In order to preview this weekend’s Duel in Denver field lacrosse game, featuring Team USA vs. Canada, LAS will be there as part of the Grow The Game Tour, and we got the chance to check in with some of the biggest stars and leaders from Team USA. First we spoke with Jesse Schwartzman, then we got caught up with Matt Danowski and now we kick back with the elder statesman, Ryan Boyle!
You’ve been on your fair share of US Teams, and while each one is different, how does this version of the team stack up?
It’s hard to say. This squad is still in infancy, and nothing is finalized for 2014. While there is some continuity, it is also a chance for newer guys to prove themselves. Some were still too young or didn’t try out in 2010. There is a certain level of pressure at this level, so it gives the coaches an opportunity to look at new guys and see how they fit in.
So what kind of role will the Duel in Denver play in the development of the 2014 Men’s Team, or could we see a very different team in two years?
This team definitely has a bearing on the 2014 squad. Performance, leadership, and the ability to produce when needed will all be on display in this game. Building relationships, how players mesh together; all of that is important. This game should not be overhyped as a preview of the 2014 team, but it should not be downplayed either. You won’t MAKE the team or NOT make the team in Denver, but I would think that one’s performance overall can definitely help or hurt.
Now that the Canadian roster has been released, how do you feel the two teams stack up?
There is talent all over, so it should be a good game. The thing to remember is that Canada is our main competitor at the Worlds, so if a guy can play well against that brand of lacrosse, it will help for 2014, and I think this goes both ways, and for both teams. Chris Schiller is a great past example of a US player that really knew the opposition; he knew their skills, tendencies, personnel, etc.
The Duel in Denver is an opportunity for new (and old) guys on both teams to prove the same thing. There are more USA guys filling the “Chris Schiller” role in the NLL, so we could potentially see more Schiller-esque US players in the future. We’ll also see better poles coming out of Canada, as more of their guys play field lacrosse collegiately.
Who is the one player you are most excited to play with OR against, in the Duel in Denver, and why?
I’m definitely most excited to play with Matt Striebel. It’s been a while since we last played together, and he is my best friend. We got one year together at Princeton, then played on the Barrage for a couple years, and Team USA in 2010. I’m also looking forward to playing with younger, better-looking guys, like Steele Stanwick, who I have watched and admired from afar.
What is the single best, and worst, thing about International Lacrosse?
The best thing has to be the camaraderie and patriotism. It’s all about pride and honor, and representing your country. It’s an opportunity that I will always cherish.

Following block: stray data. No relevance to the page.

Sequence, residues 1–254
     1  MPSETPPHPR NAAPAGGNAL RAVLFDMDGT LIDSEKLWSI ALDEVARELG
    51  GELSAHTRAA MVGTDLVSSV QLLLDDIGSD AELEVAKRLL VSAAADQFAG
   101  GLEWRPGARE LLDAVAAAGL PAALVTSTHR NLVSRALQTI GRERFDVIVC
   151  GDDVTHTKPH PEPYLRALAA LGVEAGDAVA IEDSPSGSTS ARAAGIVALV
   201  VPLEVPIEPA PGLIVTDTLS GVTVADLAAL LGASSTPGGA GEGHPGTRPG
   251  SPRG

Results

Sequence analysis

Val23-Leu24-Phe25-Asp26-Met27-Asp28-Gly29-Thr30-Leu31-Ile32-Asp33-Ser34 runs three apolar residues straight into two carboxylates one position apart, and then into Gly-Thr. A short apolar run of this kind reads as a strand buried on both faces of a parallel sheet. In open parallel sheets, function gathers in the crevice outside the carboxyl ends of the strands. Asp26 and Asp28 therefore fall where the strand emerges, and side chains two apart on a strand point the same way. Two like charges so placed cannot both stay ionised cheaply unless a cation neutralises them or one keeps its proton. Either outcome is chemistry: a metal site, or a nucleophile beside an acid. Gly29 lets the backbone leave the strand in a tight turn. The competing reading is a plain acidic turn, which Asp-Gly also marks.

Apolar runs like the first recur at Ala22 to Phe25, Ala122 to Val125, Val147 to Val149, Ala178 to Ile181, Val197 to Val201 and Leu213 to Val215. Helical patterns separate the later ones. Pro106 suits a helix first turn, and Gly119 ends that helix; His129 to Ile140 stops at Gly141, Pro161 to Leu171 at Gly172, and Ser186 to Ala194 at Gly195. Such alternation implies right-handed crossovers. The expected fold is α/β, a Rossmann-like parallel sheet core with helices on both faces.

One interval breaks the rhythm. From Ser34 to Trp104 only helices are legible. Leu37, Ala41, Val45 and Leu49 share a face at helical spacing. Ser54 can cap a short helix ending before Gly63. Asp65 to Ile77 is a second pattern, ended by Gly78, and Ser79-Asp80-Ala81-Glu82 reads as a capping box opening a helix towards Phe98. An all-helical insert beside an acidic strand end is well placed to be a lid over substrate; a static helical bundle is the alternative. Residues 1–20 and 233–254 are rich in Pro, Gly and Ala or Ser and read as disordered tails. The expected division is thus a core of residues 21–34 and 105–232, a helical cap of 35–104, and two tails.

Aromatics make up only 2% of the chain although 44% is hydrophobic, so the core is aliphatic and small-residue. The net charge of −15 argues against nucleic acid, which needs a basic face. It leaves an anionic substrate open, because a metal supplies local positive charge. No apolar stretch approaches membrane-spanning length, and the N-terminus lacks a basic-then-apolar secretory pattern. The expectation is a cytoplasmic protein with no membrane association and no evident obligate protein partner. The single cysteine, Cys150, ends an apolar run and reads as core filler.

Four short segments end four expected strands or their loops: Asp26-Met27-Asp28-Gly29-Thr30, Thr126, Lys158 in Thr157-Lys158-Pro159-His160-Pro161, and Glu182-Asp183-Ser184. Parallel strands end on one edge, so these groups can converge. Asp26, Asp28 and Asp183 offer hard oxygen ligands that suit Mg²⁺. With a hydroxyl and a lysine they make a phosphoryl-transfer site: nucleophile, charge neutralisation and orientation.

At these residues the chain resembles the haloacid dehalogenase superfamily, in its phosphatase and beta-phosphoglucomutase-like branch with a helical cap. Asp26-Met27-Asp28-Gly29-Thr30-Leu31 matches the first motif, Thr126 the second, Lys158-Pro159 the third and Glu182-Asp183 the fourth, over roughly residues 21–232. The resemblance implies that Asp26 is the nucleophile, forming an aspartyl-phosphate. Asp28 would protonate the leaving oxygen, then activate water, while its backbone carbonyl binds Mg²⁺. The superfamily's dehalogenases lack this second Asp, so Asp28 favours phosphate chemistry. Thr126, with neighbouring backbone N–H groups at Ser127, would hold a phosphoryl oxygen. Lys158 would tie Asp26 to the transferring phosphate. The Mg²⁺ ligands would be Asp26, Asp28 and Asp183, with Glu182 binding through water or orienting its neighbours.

Of course there can be a downside too. The worst thing in my opinion is that International Lacrosse is a slightly antiquated brand of lacrosse, at least when compared to the MLL. It can be really hard to adjust to the change in rules, and the different style of refereeing. The latter is totally different, especially on things like slashes.
So should we combine the rules into one updated format? Should other versions of the game see the two-pointer come into use more heavily?
The two-pointer would be great. Ultimately, it’s sort of like we’re still playing basketball without the 3 point line. It’s the best comparison to lacrosse and without the 2, we are holding on to traditions that are possibly outdated.
The two pointer rewards players for their ability to shoot the ball and it sets good parameters for spreading the defense, without outlawing things like the zone defense.
When it comes to one code of rules for all levels of the game, I wouldn’t go that far… but there should be a strong resemblance throughout. Basketball from college to pro to International is all pretty similar… and I think that is a good model to follow.
What area of the US most impressed you with its recent growth? What area of rest of the the world impresses you the most?
A lot of areas really impress me and its great to see it growing firsthand. CA, TX, FLA… Japan. It all amazes me and is great to see, as I come from a more established lacrosse area.
What does Lacrosse need to get to the “next level” in the general sporting consciousness? What are you doing to Grow The Game?
For me, this is pretty simple. The sport needs to decide what it wants to be: do we want to be the next major American sport or do we want to continue on as a niche sport?
If we want to go major it’s easy. Make the game more accessible and easier to understand by removing things like the stalling rule, which all hangs on a ref’s interpretation. Stuff like that is confusing for new fans, but a long-term part of the game historically. If we want to go mainstream, it can not be difficult for a casual fan.
If we want to stay niche? Well then we can do whatever we want. Polo, rugby, etc. – all are a bit confusing, with nuanced and weird rules, and they have had a hard time crossing over to the main sporting population. If lacrosse stays as is, it could be hard to shake that stigma.
The community needs to decide what we want to do, THEN go for that goal. I know this is easier said than done.
Any predictions for the Duel in Denver, either personal or team?
The only guarantee I can make is that I’ll be watching Peyton Manning’s comeback on Sunday night!